Bob Buckhorn: A strong mayor would bring greater accountability, progress to Clearwater


The Clearwater Referendum offers residents the opportunity to enable positive change in their government for decades to come. While the City Manager Bill Horne and your current Mayor George Cretekos have much to be proud of and will be remembered for ably steering Clearwater through the worst recession since the Great Depression, let me offer a perspective on the upcoming referendum.

As somebody who has served in both the legislative branch of local government and the executive branch, I cannot tell you how strongly I believe in the accountability and responsibility of a strong mayor form of government. The tangible differences that have occurred in my city, like significantly expanded city parks, improvements in workforce and affordable housing, a downtown that has transformed itself and new employers flocking to these cities are directly attributed to the ability of a strong Mayor to articulate a vision and the authority to carry out that mission.

The cities of St. Petersburg and Tampa both benefit from the “strong” mayor form of government. Full-time executive mayors are able to campaign on an issue and then lead city staff to bring that to fruition while at the same time knowing that they are accountable to the voters every four years.

We have a laserlike focus on things because we know our job will be hotly debated and on the chopping block in the ballot box in just four years.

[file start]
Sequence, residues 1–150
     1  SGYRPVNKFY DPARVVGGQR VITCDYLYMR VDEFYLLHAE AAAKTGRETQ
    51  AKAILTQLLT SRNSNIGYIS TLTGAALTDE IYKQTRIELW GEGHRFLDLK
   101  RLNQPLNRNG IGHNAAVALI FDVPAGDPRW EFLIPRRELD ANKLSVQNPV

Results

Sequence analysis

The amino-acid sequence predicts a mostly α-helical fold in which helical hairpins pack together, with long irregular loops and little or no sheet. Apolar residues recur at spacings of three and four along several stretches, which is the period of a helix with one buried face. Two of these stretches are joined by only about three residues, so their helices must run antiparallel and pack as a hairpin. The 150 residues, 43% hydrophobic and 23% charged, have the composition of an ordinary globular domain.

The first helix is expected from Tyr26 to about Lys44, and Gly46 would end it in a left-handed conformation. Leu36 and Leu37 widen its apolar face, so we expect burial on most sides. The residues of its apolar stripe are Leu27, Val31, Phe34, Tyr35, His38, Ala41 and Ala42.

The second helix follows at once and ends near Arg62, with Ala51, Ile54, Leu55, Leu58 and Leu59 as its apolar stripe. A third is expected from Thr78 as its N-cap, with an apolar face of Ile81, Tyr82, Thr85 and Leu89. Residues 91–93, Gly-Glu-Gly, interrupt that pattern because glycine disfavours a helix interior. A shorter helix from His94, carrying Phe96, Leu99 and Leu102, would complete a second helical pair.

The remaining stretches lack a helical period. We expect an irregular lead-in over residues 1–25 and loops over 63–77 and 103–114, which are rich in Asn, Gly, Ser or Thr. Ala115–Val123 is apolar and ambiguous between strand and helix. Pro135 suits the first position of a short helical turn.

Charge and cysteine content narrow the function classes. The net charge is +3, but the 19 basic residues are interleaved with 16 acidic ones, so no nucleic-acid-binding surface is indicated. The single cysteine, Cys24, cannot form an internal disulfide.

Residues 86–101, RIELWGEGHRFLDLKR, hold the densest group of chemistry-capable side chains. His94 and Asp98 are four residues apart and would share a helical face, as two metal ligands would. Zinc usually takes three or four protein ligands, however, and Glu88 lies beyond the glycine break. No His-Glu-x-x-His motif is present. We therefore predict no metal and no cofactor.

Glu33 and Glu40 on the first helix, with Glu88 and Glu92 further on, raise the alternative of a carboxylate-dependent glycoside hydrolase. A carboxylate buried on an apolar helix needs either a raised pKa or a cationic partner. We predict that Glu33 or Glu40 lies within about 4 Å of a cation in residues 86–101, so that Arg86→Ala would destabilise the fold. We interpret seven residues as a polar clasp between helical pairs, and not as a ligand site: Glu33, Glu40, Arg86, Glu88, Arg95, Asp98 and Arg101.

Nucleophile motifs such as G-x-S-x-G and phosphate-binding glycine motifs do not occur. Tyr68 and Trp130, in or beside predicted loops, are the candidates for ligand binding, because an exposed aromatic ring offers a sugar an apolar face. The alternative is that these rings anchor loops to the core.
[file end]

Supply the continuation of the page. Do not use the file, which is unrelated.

Having a strong mayor in Tampa brought us the Riverwalk — an effort that took the focused attention of six Tampa mayors and more than 40 years of planning and construction. In St. Petersburg, the efforts of strong mayors are bringing a new destination pier and the world-class artwork of Janet Echelman.

The majority of larger cities in America are represented by the strong mayor system because executive full — time mayors are able to drive progress. Progress could be anything from incorporating analytics in city government to make it more efficient to investing more funds in public safety to make streets safer for residents.

Strong mayors give citizens a clear choice on Election Day — and also have the authority to direct staff to get the job done. You the voters have the ability to discern who is prepared and capable of leading your community as Mayor. It is not a vote to be taken lightly for you are investing much authority and an awesome responsibility in this person. I urge Clearwater residents to vote Yes on the Clearwater Referendum.


Bob Buckhorn is Mayor of Tampa.

Guest Author


  • Mike riordon

    October 26, 2018 at 5:48 pm

    This article forgets to mention the gentrification of Tampa leading to disenfranchising 1000’s of longterm residents. It fails to mention the highest murder rate in 15 years in 2017 even though overall crime was down in Tampa. It also does not mention Tampa and especially St Pete, another “strong mayor” city, dumping untreated sewage into the rivers and the bay. St Pete dumped millions of gallons during one heavy rain storm. Tampa had three old sewer pipes break in one month with an estimated 15,700 gallons of untreated sewage into various bodys of water in June 2018 alone. {see Tampa Bay Times article 6/28/18.}. So I guess what I’m saying to any and all politicians in other cities “get your Sh*t together before telling Clearwater how to vote in November”. It is no coincidence Buckhorn would curry favor with Clearwater special interest group trying to pump and dump this referrendum since his days as mayor in Tampa are over in 12 days and a wake up.

    • David Loyd

      October 26, 2018 at 10:17 pm

      Get a life Rear-View, you are a know nothing clown. What a Troll.

Comments are closed.


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